Metro City in Indonesia rewrites its sanitation story

Kota Metro vacuum truck

Metro City set for itself an ambitious sanitation target by 2024.[1] Towards achieving this, the city partnered with SNV to address the pile up of untreated human waste and improve the quality of emptying and treatment services. This article reflects on the partners’ approach to revive the proper functioning of one faecal sludge treatment plant.[2]

Faecal Sludge Treatment Plant (FSTP) Karangrejo has been servicing Metro City in Indonesia’s Lampung province since 2015. For years, the FSTP’s services and potential for growth were constrained by low consumer demand and challenges in its technical design, operations and maintenance. Despite the city’s success in eradicating open defecation practice in 2019, sanitation challenges continued to persist, including the dismal practice of safe collection, transport, and treatment of human waste.

Metro City ODF announcement

Metro City is declared open-defecation free

Common technical and operational woes

FSTP Karangrejo has the capacity to treat 45 cubic meters of faecal sludge per day. But it has been operating at a low 4% of its daily optimal capacity. Low demand for services restricted growth in the number of sludge trucks in operation and accelerated the plant’s wear and tear. Service operations and maintenance (O&M) suffered from the: (i) need for facility design upgrades, as the current design did not support optimal treatment; and (ii) absence of a Standard Operating Procedures (SOPs) for FSTP O&M, during stable and extreme weather conditions.

Topography and climate change

Located in the northern part of Metro City, FSTP Karangrejo is impacted by shifting weather conditions; it is flood prone, and more recently, at heightened risk of drought.[3] Due to its relatively flat surface, flooding has been a normal occurrence in Metro City. However, precipitation trends between the years 2001 and 2016, have shown a progressive downward trend in rainfall.[4]

Aerial shot of FSTP Karangrejo

Location of FSTP Karangrejo

Flooding or drought have a debilitating effect on FSM services provision and responsiveness. If a sanitation facility in the user interface (toilet and septic tank) is broken or submerged, the difficulty level for desludging services is heightened. Moreover, when desludging services are delayed or indefinitely suspended, human waste in sub-standard or broken containments is likely to flow into the living environment or seep into the ground. Exposure to untreated faeces or ground contamination [5] puts the population at risk and can spiral into a public health threat.

A public-private-partnership response with government on the lead

Several activities had been set in motion to protect the city and its residents from the imminent threat of global warming and poor access to sanitation and hygiene.

With local government and the operator, SNV co-developed the FSTP’s rehabilitation plan and SOPs for operations and maintenance. The rehabilitation plan provides structural improvements in the flow of wastewater from the solid separation chamber. To date, because the pipe setting is too high, wastewater is not flowing into the treatment pond. Elements of an SOP are currently being trialled with FSTP staff. Lessons emerging from the trials will inform the finalisation of FSTP Karangrejo’s SOP to ensure that operators understand the treatment process and are kept healthy and safe when providing a service.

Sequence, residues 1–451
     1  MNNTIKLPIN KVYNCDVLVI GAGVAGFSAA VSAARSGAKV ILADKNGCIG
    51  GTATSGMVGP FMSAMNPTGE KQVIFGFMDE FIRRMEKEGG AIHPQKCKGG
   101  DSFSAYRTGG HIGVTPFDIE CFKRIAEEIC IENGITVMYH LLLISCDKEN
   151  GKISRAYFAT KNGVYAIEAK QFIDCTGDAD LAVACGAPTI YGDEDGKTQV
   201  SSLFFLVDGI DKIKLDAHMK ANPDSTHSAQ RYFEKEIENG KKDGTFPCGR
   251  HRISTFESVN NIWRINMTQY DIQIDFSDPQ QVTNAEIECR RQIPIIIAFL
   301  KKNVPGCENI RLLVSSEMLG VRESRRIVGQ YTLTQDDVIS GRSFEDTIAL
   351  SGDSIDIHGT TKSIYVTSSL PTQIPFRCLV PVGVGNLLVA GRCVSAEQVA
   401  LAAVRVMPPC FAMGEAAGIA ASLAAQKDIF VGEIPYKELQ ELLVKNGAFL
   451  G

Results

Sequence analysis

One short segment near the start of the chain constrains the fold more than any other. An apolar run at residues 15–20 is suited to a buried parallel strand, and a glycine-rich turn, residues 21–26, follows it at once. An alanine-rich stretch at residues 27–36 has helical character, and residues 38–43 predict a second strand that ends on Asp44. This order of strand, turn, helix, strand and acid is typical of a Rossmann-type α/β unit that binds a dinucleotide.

Local government has taken leadership in raising the city’s awareness and demand for emptying services. With full support from Metro City’s mayor, the regular desludging programme L2T2 was launched in 2021. This campaign is complemented by several other activities:

  • Policy cohesion to ensure that the L2T2 progamme is well-integrated in other government activities. To date, the enactment of tariff regulation and wastewater management regulation now supports L2T2 implementation.

  • Introduction of a regular desludging savings scheme for government employees.

  • Promotion of regular desludging practice within the health sector, through SNV’s ongoing behavioural change communications work.

To establish climate-resilient services, SNV is assisting the local government and operator to develop a zoning service delivery strategy for disaster-prone areas. The strategy will ensure that areas most prone to flooding and droughts are prioritised during the first round of desludging services.

Still at its infancy stages, the results and impact of facility upgrades, SOP introduction, and the L2T2 programme will only be known much later. By addressing the supply and demand side, and with government on the lead – Metro City is rewriting its sanitation story and is likely to meet its 2024 sanitation and hygiene targets.

Written by: Annisa Pramestri Putri, Cécile Laborderie and Anjani Abella
[1] By 2024, Metro City aims to ensure that 95% of all residents have access to improved sanitation and 12% practise safe sanitation. See, Y. Tusiana, ‘Kick Off Program Layanan Lumput Tinja Terjadwal Kota Metro_’,_ info.metrokota.go.id, 2021, https://info.metrokota.go.id/sanitasi-amanmetro-wujudkan-program-lltt/ (accessed 8 October 2021).
[2] Work in Metro City Indonesia was carried out by SNV as part of the Dutch government-funded WASH SDG consortium programme.
[3] SNV, Climate Vulnerability and Resilient Research, Jakarta, SNV Indonesia, 2018. p.79.
[4] SNV, Climate Vulnerability and Resilient Research, Jakarta, SNV Indonesia, 2018. p.73.
[5] An earlier study by SNV found that Metro City residents overwhelmingly use groundwater wells for their daily water needs (cooking, washing, drinking) and that the local water company only supplies 5% of the city’s population. See, SNV, Climate Vulnerability and Resilient Research, Jakarta, SNV Indonesia, 2018.
For more information, contact Cécile Laborderie, SNV WASH Sector Leader in Indonesia by email.